No More Ransom helping ransomware victims

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As soon as you become a victim of a ransomware attack, the very first thought that hits your mind is, should we pay a ransom to unlock the database? But law enforcement and a project named ‘No More Ransom’ is discouraging this deed and asking the victim to look for other ways, such as to use the data backup for recovery or use the services of the website named ‘No More Ransom’.

Entering its 6th year, the project has now helped millions of ransomware victims to decrypt their databases- all at zero cost.

Starting in July 2016, the website has served as an online repository where the victims can get guidance on how to proceed when cyber attacked with malware. And will also help present a decryption key to file-encrypting malware attacks launched by renowned ransomware groups such as Maze, Noway, Atomsilo, Egregor, GandCrab, Sekhmet,Lockfile, Babuk, Ragnarok, Synack and Revil aka Sodinokibi.

It is a website that partners with over 188 security research firms and has been created in partnership with Europol, Dutch National Police, Kaspersky, and McAfee.

Over the past 6 years, the web repository has helped around 10 million people by offering them free decryptors and helped them from incurring €1.8 billion in losses because of cyber attacks.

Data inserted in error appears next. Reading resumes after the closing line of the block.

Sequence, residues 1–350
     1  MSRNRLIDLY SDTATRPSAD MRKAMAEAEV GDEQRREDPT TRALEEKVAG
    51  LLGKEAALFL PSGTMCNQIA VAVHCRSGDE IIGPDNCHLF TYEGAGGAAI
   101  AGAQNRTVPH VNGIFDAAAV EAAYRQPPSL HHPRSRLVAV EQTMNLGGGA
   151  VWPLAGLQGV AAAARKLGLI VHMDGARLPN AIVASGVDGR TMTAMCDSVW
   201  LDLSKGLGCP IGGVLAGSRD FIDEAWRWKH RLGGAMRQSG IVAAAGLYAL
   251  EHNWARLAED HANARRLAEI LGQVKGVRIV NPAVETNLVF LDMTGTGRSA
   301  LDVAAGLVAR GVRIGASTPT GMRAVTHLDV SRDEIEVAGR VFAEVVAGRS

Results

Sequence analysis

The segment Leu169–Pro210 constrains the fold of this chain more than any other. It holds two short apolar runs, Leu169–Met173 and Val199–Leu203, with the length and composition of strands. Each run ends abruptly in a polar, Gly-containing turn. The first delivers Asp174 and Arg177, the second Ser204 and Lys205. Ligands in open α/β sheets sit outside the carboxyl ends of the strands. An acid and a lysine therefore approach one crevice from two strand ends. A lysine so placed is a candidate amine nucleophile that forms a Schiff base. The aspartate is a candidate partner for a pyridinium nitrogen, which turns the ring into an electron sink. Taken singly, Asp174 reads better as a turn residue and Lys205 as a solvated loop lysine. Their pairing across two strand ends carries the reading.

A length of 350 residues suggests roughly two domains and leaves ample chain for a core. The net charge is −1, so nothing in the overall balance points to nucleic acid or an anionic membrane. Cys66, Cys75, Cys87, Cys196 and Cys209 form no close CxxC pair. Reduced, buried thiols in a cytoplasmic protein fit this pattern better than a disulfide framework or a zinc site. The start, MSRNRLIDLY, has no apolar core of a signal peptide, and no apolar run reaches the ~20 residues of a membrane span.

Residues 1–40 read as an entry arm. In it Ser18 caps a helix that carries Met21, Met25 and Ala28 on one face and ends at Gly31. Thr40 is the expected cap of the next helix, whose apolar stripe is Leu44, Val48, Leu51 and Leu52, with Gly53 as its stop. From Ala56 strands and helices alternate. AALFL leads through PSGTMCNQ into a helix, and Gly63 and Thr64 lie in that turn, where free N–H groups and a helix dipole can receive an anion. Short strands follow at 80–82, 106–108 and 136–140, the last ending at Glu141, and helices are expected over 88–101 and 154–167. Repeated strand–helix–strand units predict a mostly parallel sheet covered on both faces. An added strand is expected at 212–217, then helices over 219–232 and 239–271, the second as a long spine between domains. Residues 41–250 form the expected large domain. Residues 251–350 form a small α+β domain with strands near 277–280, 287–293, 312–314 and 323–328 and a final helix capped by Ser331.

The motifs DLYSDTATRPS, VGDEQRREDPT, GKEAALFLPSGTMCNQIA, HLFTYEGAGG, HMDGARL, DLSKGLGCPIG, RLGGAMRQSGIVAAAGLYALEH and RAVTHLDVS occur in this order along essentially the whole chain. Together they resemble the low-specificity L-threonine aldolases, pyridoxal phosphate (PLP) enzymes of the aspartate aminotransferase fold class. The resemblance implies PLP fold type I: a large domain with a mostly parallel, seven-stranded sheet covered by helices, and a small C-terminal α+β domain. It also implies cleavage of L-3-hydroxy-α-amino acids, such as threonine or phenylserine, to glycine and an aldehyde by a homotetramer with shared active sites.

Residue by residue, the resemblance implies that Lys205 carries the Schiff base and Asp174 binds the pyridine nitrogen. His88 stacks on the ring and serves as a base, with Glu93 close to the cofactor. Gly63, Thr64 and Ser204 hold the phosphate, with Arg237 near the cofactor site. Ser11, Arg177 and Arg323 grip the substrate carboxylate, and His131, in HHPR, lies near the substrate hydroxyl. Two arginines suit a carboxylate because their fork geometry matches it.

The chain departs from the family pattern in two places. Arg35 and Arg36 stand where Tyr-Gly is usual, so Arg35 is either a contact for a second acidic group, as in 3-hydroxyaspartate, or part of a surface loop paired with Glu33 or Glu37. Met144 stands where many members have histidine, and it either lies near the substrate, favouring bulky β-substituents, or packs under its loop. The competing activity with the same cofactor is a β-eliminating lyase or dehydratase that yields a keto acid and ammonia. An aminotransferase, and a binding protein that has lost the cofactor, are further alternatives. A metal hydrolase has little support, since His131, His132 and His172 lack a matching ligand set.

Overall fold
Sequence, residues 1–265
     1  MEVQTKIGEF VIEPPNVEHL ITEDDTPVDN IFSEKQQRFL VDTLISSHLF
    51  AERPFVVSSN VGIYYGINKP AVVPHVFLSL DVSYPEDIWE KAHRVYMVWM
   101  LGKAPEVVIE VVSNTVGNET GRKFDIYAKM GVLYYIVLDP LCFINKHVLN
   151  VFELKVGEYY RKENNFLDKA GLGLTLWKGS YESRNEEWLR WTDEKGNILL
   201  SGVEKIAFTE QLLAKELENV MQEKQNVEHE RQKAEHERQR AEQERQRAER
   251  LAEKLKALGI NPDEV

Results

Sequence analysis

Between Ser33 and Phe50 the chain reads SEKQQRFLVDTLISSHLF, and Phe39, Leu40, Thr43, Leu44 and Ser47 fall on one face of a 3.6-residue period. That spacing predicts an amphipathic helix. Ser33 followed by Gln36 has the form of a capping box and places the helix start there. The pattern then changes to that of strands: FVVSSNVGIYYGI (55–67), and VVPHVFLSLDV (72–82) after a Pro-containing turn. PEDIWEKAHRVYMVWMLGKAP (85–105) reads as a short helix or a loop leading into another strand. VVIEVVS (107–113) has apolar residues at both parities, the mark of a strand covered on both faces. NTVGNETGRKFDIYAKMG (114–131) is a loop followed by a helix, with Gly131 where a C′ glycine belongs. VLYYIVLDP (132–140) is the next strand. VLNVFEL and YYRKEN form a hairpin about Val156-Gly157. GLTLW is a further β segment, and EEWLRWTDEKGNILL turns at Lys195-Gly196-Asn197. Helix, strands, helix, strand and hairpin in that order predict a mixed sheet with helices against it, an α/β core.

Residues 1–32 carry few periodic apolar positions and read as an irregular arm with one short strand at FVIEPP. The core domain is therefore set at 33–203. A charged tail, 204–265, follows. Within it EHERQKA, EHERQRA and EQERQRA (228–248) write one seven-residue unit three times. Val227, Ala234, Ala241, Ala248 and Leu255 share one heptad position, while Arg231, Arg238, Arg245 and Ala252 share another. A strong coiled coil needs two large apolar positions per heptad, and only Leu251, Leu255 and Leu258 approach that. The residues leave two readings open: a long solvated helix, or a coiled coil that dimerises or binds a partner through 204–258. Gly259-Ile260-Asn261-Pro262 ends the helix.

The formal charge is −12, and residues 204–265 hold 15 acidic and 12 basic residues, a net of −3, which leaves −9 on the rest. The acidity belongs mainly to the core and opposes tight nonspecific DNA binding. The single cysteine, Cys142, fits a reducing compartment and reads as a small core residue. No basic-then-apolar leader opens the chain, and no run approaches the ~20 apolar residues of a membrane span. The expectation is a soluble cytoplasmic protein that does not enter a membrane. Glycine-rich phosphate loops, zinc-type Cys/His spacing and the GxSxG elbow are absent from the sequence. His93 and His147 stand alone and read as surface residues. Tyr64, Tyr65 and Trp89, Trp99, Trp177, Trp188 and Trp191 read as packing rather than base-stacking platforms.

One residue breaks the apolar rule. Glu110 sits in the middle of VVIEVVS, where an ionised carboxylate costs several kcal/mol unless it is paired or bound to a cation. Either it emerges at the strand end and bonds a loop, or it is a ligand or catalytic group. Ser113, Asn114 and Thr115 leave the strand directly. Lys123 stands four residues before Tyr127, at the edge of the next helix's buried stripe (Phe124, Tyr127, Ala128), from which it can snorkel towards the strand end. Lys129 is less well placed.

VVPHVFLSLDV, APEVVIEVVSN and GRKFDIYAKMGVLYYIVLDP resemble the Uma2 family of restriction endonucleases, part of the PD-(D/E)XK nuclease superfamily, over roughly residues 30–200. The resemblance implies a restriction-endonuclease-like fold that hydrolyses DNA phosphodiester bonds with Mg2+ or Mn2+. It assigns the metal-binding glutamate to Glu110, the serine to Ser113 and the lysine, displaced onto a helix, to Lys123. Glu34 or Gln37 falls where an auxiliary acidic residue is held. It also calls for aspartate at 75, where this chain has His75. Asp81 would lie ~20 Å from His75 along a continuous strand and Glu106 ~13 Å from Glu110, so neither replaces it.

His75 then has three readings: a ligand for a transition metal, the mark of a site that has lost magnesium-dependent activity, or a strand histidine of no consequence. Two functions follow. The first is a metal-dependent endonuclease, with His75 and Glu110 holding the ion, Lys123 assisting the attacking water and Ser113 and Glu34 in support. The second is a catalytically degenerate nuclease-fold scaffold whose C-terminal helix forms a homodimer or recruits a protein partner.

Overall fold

To those who are unfamiliar with what this website does, here’s a gist of it. All you have to do is use the Crypto Sheriff Tool from the No More Ransom website and upload two encrypted files and the ransomware note. And then leave the rest to the tool.

The tool sieves throughout its database to find a match to encryption code and offer a free decryption key at zero cost, along with the steps to follow thereafter.

Sometimes, the decryption tool might be unavailable and so the tool will ask the user to visit back in the future for unlocking.

Europol is asking online users to stay safe from ransomware attacks by keeping a backup copy of stored data, never clicking on links sent by unknown senders via email and messages, and opening no attachments. It is also encouraging users to install threat monitoring solutions and use a 2FA to protect their user accounts. And if the case, anything unfortunate, happens, it is encouraging users to report the crime to law enforcement and search for a decryption key on the No More Ransom platform.

 

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Naveen Goud is a writer at Cybersecurity Insiders covering topics such as Mergers & Acquisitions, Startups, Cyber Attacks, Cloud Security and Mobile Security

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